Why build castles in the air when you can build sandcastles on the beach in Mexico, Barbados or the Bahamas? You can make your balmiest dreams a reality when you journey to the land of reggae, rum and legends on a cruise to the Caribbean.
It’s easy to get lost in daydreams of castaway beaches and Caribbean sunsets. It’s equally easy to go Jamaica-me-crazy and feel overwhelmed by the staggering choice of 7,000 pearlescent islands, each offering their own flair. How do you choose between Antigua or Aruba; St. Maarten or St. Lucia? We chatted to Caribbean cruise champion Deirdre de Swardt to get the Pentravel Perspective…
Not really, as South Africans think they are quite expensive. However, if you compare flying from island to island and paying for accommodation, a Caribbean cruise is a very affordable way to see the Caribbean.
There is not much history as one would find on a Med cruise that stops in old cities, but there are fantastic beaches. My Caribbean cruise had a bit more of a “party” vibe as the average age was younger compared to my Med Cruise.
In addition, most of the ports in the Caribbean must be tendered – which means that passengers must take a boat from the ship to land. This is because many of the islands do not have a cruise port as they are quite small. In the Med, most of the stops have an actual port, so the cruise will dock there, and passengers can disembark directly from the ship onto land.
I did a Royal Caribbean cruise for 7 nights from Miami and it stopped in Grand Cayman, Cozumel in Mexico, Ocho Rios in Jamaica and Labadie (Royal Caribbean’s private island). This itinerary was a perfect introduction to the Caribbean. We had lots to see in Ocho Rios, Cozumel and Grand Cayman, so we didn’t just have to lie on a beautiful beach!
The night before, the crew member assigned to your cabin will put out an itinerary of the next day’s events in your cabin. This will give you info on the next stop as well as any exciting happenings on board – it is great to go through this so you can plan your next day.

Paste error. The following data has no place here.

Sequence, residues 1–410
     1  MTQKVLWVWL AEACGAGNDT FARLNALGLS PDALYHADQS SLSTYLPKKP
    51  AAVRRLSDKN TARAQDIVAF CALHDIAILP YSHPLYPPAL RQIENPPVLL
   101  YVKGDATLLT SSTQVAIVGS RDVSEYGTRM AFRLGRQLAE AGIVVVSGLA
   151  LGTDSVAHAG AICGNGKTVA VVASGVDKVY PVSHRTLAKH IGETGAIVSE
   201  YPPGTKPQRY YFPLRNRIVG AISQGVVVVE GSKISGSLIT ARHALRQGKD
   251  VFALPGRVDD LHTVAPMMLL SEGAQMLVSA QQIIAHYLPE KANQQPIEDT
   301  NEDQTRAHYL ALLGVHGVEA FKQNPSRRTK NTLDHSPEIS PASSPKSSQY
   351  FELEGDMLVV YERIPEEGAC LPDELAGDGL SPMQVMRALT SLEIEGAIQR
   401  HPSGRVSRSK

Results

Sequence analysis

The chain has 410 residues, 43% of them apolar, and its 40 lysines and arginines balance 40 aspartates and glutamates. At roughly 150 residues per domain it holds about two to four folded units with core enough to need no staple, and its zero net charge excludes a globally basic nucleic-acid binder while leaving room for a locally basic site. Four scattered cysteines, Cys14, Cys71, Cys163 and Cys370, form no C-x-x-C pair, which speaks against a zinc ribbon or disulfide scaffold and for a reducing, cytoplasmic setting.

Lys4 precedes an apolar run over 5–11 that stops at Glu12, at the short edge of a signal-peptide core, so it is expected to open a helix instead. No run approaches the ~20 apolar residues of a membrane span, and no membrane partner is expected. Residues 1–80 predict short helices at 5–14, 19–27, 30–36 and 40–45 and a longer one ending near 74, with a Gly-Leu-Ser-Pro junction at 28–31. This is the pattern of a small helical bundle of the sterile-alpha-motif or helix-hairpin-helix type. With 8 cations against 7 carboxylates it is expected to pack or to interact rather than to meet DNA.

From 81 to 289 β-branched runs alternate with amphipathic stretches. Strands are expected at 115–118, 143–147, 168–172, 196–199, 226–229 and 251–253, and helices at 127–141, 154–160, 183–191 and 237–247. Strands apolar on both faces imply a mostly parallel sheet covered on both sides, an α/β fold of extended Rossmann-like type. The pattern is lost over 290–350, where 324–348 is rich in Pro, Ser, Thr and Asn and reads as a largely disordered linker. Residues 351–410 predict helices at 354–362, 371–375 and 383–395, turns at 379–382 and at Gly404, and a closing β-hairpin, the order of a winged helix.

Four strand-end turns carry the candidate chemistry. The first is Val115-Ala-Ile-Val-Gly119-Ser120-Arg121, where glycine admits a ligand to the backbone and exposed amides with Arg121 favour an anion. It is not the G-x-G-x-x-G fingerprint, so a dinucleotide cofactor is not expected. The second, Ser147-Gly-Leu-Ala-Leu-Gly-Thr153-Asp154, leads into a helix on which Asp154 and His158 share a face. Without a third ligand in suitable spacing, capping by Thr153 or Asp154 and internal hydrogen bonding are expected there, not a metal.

After breakfast, if you are not in port, you can decide what you would like to do: relax on the deck, try your hand at the casino, or just take a walk around the ship. There is always something going on, especially when cruising with Norwegian or Royal Caribbean – you can never get bored.
At lunch, you can typically decide between the a ’la carte or buffet restaurant (depending on the ship). And then in the evening most cruise liners have live entertainment – you can see a show before dinner, or you can catch the later performance. There is then a disco, for those that wish to party the night away.
I would recommend opting for the drinks package. A cocktail costs around US$12, and if you are having a “sea” day you can spend quite a bit on drinks. A drinks package will vary according to cruise line, but for example the Royal Caribbean Deluxe Beverage package (includes unlimited beers, wine by the glass, cocktails, non-alcoholic beverages, premium coffee, tea, fountain soda, fresh squeezed juices, sparking and bottled still water) costs around US$55 per person per day, so it is definitely worth it. I would recommend adding this on once you have booked as it is cheaper than purchasing it on board.
I would also recommend booking your shore excursions before you depart as these are subject to maximum numbers, so they can fill up quite quickly. If you would prefer to tour each island by yourself, you can most definitely do that. I did that in Jamaica; four of us hired a taxi for the time we were there and toured to all the must-see sights. It cost us a lot less than what it would have through the cruise company. You just need to make sure that you are using a reputable taxi company and negotiate a rate before you get in.
Most of the cruises only require a USA visa but there are some islands that do fall under UK/Schengen countries, which means getting another visa. So, some itineraries may bring extra costs. Also, the Caribbean is known for their hurricanes, so the seasons are very important to look at. It may also be worth making sure you don’t cruise during spring break, as it is very popular for young Americans and this may not be to everyone’s taste.
The best time is December through April as there are more sunny days and less rain on average than at other times of the year. The rainy season for the Caribbean runs from May to December; so ideally, it’s best to avoid travel there during these months.
Time to go island hopping? Cruise to the Caribbean! Contact Pentravel today to make it happen.
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